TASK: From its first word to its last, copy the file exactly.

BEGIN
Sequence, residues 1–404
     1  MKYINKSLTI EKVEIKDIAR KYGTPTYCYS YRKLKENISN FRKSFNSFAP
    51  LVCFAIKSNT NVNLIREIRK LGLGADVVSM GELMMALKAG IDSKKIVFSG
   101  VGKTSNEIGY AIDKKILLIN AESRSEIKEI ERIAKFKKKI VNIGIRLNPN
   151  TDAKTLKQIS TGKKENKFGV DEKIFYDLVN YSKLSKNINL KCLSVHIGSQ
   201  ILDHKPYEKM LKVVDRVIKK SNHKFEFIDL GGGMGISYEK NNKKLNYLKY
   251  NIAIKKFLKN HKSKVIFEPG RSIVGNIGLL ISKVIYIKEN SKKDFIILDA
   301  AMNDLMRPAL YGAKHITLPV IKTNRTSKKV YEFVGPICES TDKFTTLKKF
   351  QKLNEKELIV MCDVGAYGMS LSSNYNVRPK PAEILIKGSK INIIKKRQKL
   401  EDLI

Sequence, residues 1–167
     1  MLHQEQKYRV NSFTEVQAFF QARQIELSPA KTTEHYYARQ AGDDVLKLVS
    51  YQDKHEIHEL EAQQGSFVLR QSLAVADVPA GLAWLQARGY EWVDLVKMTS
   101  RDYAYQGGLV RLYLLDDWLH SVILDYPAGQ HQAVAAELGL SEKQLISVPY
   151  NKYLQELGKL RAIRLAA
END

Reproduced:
Sequence, residues 1–404
     1  MKYINKSLTI EKVEIKDIAR KYGTPTYCYS YRKLKENISN FRKSFNSFAP
    51  LVCFAIKSNT NVNLIREIRK LGLGADVVSM GELMMALKAG IDSKKIVFSG
   101  VGKTSNEIGY AIDKKILLIN AESRSEIKEI ERIAKFKKKI VNIGIRLNPN
   151  TDAKTLKQIS TGKKENKFGV DEKIFYDLVN YSKLSKNINL KCLSVHIGSQ
   201  ILDHKPYEKM LKVVDRVIKK SNHKFEFIDL GGGMGISYEK NNKKLNYLKY
   251  NIAIKKFLKN HKSKVIFEPG RSIVGNIGLL ISKVIYIKEN SKKDFIILDA
   301  AMNDLMRPAL YGAKHITLPV IKTNRTSKKV YEFVGPICES TDKFTTLKKF
   351  QKLNEKELIV MCDVGAYGMS LSSNYNVRPK PAEILIKGSK INIIKKRQKL
   401  EDLI

Sequence, residues 1–167
     1  MLHQEQKYRV NSFTEVQAFF QARQIELSPA KTTEHYYARQ AGDDVLKLVS
    51  YQDKHEIHEL EAQQGSFVLR QSLAVADVPA GLAWLQARGY EWVDLVKMTS
   101  RDYAYQGGLV RLYLLDDWLH SVILDYPAGQ HQAVAAELGL SEKQLISVPY
   151  NKYLQELGKL RAIRLAA